The Portrait of a Lady
How we cite our quotes:
… [Osmond] perceived a new attraction in the idea of taking to himself a young lady who had qualified herself to figure in his collection of choice objects by declining so noble a hand… It would be proper that the woman he might marry should have done something of that sort. (28.13)
Isabel’s rarity and unusual strength appeal to Osmond, the way a particular detail or artist’s touch might make him desire an object. He looks at people and art the same way, and this attitude doesn’t bode well for any of his relationships.
She only felt older – ever so much, and as if she were "worth more" for it, like some curious piece in an antiquary's collection. (32.1)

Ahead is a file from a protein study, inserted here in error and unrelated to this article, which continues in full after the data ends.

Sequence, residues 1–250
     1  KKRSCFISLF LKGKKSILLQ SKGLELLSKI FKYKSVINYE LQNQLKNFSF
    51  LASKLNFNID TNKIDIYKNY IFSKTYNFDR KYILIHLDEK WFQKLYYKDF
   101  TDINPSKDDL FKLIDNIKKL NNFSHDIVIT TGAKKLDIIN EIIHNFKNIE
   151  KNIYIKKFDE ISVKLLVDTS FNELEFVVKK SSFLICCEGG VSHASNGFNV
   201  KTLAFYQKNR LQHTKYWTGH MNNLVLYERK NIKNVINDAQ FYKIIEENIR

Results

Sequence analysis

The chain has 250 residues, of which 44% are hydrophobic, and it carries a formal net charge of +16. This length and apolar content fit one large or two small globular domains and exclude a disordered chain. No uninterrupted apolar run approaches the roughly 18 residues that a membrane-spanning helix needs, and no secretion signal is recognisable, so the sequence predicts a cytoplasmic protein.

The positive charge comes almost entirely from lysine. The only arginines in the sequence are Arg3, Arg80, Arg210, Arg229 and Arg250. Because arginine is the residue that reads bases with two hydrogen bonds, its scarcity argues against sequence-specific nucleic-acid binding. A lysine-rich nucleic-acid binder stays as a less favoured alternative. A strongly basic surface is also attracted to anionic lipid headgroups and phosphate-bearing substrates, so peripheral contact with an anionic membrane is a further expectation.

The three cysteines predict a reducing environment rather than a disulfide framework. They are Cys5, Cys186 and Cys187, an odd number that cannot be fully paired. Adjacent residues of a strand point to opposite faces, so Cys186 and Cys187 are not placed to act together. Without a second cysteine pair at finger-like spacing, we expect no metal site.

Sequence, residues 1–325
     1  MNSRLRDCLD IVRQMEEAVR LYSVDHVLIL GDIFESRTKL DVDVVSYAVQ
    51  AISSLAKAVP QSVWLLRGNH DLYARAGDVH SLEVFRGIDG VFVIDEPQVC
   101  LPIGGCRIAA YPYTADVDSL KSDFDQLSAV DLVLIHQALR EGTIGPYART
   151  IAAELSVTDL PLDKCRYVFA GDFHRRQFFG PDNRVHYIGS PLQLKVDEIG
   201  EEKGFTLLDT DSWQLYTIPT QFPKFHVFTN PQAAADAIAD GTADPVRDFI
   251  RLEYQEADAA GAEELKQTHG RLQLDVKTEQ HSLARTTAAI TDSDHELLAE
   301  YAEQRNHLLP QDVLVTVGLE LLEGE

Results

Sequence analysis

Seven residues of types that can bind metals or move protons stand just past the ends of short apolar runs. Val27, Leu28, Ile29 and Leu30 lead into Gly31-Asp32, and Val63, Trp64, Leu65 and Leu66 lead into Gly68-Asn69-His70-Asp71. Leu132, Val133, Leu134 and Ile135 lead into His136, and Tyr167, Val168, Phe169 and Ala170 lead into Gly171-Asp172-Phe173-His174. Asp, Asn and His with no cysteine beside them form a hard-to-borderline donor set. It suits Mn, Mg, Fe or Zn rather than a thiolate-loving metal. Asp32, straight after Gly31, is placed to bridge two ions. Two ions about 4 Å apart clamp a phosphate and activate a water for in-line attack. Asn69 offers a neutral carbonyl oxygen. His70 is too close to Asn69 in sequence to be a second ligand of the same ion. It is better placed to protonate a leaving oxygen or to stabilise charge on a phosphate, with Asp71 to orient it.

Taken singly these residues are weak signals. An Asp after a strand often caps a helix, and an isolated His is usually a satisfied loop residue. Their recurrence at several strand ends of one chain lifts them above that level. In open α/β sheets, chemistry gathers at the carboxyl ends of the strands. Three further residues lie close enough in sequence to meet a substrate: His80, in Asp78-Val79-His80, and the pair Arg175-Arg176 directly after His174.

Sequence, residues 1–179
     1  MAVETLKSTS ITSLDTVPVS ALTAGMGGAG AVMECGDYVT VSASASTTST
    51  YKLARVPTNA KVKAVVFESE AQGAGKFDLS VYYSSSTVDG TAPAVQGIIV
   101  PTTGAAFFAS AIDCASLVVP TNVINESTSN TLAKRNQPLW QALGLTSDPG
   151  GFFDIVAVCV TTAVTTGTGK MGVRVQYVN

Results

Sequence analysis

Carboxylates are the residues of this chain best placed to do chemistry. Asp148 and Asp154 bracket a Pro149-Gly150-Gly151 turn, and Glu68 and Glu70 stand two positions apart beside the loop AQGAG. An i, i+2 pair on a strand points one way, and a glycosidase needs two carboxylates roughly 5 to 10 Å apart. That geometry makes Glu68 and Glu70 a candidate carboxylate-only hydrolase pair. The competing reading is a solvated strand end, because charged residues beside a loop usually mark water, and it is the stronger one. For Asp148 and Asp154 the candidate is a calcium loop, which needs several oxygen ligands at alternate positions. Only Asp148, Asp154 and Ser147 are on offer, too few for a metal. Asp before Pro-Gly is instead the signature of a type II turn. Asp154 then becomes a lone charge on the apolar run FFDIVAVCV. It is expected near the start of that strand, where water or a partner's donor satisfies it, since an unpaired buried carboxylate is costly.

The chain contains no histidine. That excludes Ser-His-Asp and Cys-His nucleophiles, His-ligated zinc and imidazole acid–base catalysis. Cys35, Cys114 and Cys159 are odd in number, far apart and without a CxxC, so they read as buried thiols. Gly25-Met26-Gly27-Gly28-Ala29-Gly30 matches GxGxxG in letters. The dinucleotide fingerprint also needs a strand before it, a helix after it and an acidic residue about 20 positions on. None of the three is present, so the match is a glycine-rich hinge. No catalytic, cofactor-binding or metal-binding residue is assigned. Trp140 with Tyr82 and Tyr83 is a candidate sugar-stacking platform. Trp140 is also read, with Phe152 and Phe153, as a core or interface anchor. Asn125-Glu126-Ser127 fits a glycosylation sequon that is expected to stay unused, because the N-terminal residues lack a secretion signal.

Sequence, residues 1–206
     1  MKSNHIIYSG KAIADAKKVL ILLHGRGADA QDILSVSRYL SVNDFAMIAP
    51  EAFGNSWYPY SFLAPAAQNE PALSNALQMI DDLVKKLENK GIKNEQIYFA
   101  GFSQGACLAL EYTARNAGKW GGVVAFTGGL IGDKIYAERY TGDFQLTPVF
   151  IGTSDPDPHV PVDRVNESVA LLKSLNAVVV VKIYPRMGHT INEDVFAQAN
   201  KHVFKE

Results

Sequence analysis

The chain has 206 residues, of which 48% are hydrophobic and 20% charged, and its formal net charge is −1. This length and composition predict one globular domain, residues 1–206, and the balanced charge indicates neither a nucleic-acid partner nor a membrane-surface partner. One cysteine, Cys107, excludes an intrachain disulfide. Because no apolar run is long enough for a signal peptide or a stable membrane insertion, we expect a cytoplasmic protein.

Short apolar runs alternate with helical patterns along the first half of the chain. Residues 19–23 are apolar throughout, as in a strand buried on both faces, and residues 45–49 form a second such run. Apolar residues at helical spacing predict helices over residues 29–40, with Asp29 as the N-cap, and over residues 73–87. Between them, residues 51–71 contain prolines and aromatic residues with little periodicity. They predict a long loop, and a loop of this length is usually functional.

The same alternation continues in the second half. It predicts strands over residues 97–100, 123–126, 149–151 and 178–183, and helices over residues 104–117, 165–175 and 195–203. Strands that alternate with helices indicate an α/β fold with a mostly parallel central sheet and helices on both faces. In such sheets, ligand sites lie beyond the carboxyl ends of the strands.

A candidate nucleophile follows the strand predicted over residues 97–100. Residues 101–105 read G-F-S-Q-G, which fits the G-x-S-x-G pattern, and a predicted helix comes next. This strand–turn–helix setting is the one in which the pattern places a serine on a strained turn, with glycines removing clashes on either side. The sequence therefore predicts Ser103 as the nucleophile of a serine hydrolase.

Isabel’s age and experience make her feel as though she’s a better person – and not just a better person, but also a more valuable piece of art. Under Osmond’s influence, she’s also beginning to see herself in this menacing light.
"He's the incarnation of taste," Ralph went on, thinking hard how he could best express Gilbert Osmond's sinister attributes without putting himself in the wrong by seeming to describe him coarsely. He wished to describe him impersonally, scientifically. "He judges and measures, approves and condemns, altogether by that."
"It's a happy thing then that his taste should be exquisite."
"It's exquisite, indeed, since it has led him to select you as his bride. But have you ever seen such a taste – a really exquisite one – ruffled?" (34.13)
Ralph hits upon the truth here: Osmond’s exquisite taste is what directs all of his actions, but it’s not to be confused with real, passionate emotion.